Celebrities who loved the restaurant and appreciated the food obviously drew more and more customers to the hotel and especially to the restaurant. I especially liked the story of how Escoffier created a special preparation called “Cuisses de Nymphes a l’Aurore” (Nymphs' Thighs at Dawn) — a cold dish with a beautiful sauce, served on a block of ice — which he presented to the Prince of Wales. What was it?  Frog’s legs in a sauce flavored with paprika and tarragon. The Prince’s guests were shocked, but he laughed, ate it, and later ordered it again. It’s not clear if this totally overcame the English prejudice aganst frog legs, but it shows what Escoffier was capable of.

After a number of years, Escoffier, along with Ritz, was fired from his job at the Savoy because he had been taking large "commissions" from suppliers of food to the hotel restaurants that he managed, and had been engaged in other questionable financial deals. The two of them bounced back quickly, and Escoffier not only continued cooking in Ritz's new unimaginably high-end hotels, but also wrote a very classic treatise on French cuisine. Barr makes this story very fascinating!

The partnership of Ritz and Escoffier lasted until the coronation of the new king, Edward VII, in 1901. On the day of the Coronation (which was suddenly postponed due to the king's having an emergency appendectomy), Ritz suffered a blackout and a total breakdown, and he never recovered his health enough to continue to manage his famous hotels. Escoffier remained productive for another 20 years, until his retirement.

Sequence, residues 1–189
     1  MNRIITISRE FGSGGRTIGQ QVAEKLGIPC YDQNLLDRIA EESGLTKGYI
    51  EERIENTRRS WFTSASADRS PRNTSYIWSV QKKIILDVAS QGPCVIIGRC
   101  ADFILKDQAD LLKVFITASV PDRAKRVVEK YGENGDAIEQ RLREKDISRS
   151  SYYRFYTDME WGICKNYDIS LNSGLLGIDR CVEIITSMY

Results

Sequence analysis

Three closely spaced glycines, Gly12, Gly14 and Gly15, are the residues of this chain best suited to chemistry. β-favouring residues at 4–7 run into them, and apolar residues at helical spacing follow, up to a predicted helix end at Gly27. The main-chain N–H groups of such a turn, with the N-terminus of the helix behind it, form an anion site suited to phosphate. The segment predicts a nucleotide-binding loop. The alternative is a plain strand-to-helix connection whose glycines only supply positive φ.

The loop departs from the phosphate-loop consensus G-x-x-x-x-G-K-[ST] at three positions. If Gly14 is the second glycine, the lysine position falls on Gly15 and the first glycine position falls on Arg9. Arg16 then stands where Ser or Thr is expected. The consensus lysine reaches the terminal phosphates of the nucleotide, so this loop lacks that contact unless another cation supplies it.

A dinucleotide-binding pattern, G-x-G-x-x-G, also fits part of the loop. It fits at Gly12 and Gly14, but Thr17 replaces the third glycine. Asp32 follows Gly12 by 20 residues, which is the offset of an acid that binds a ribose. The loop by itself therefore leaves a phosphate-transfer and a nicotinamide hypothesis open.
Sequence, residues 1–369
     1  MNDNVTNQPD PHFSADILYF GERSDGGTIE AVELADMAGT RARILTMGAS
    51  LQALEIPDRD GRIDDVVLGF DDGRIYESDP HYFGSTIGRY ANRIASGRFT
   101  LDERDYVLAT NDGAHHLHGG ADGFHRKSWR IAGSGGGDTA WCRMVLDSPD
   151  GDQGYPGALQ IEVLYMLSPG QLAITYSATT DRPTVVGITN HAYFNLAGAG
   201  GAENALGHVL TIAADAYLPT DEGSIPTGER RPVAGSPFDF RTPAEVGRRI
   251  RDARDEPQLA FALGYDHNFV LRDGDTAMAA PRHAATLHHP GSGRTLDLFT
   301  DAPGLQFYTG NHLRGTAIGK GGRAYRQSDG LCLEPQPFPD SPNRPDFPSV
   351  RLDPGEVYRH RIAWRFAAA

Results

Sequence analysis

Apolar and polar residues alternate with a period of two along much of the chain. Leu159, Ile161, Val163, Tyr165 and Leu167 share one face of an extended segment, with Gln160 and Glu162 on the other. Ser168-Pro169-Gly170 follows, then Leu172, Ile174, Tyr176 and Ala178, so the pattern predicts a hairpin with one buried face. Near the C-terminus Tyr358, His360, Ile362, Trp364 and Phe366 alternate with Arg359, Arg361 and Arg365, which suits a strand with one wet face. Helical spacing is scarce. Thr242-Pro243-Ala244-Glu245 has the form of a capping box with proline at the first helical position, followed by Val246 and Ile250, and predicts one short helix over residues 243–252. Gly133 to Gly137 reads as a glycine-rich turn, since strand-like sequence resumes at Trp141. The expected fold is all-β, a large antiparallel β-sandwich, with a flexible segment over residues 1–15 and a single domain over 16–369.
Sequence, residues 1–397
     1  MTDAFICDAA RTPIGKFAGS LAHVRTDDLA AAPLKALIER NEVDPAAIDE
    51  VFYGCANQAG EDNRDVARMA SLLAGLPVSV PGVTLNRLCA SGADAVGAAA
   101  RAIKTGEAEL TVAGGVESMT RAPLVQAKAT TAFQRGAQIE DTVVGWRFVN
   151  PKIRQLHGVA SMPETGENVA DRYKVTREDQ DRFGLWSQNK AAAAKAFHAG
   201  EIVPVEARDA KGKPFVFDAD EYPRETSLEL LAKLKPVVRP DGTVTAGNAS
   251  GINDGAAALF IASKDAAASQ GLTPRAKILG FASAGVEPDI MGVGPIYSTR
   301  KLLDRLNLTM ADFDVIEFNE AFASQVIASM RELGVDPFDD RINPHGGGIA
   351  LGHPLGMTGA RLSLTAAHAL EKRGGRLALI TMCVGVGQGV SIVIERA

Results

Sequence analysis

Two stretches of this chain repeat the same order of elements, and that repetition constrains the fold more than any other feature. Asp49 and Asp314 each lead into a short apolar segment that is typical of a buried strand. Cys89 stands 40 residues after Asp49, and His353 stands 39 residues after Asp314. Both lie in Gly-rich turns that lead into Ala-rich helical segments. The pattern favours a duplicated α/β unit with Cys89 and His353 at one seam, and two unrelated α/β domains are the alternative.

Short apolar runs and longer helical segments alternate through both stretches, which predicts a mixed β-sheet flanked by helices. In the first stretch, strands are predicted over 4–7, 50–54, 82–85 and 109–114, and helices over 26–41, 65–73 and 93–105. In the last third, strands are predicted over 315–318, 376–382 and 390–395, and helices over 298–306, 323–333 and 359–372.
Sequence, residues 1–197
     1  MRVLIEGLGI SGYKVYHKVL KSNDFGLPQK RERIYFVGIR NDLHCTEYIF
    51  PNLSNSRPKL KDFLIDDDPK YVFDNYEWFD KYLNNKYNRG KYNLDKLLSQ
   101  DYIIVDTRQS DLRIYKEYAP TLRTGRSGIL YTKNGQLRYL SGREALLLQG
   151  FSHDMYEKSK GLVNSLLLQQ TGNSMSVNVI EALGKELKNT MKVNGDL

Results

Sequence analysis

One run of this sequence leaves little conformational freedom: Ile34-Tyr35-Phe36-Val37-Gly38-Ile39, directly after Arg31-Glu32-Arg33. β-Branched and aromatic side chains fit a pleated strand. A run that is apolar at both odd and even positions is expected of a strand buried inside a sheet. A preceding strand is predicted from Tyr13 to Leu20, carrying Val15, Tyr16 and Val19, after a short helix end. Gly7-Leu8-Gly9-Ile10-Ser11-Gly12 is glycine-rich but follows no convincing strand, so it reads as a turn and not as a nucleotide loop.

A few months ago I reviewed Escoffier's memoirs, including much more about his recipes:

Author of this content is Mae's food blog: Maefood dot 
If you are reading it somewhere else, it's been stolen!


Kitchen Riffs said...

Neat post. Sounds like a fascinating book. Learned a lot -- thanks for all the details. The period from around 1880 to 1910 or so in both the US and England is really fascinating. Anyway, fund read -- thanks.

Jeanie said...

This sounds like a fun and fascinating book -- I love that period, and boy, it would be interesting to know more about these two. Thanks for bringing it to my attention.

rhapsodyinbooks said...

Puttin on the Ritz has always been one of my favorite songs, probably because I love, love, love Fred Astaire musicals!

Beth F said...

I really liked this book, which I read when it first came out.

Jackie McGuinness said...

I was only halfway through your post when I went over to my library and downloaded the book!!!
Looking forward to reading it.

I have stayed at the Ritz Carlton in Montreal...

Carole said...

Interesting! Cheers from Carole's Chatter

(Diane) bookchickdi said...

We're headed to the Ritz in Naples FL for a conference next week so I found this very interesting.

Deb in Hawaii said...

Another interesting book. You are adding to my TBR list! ;-)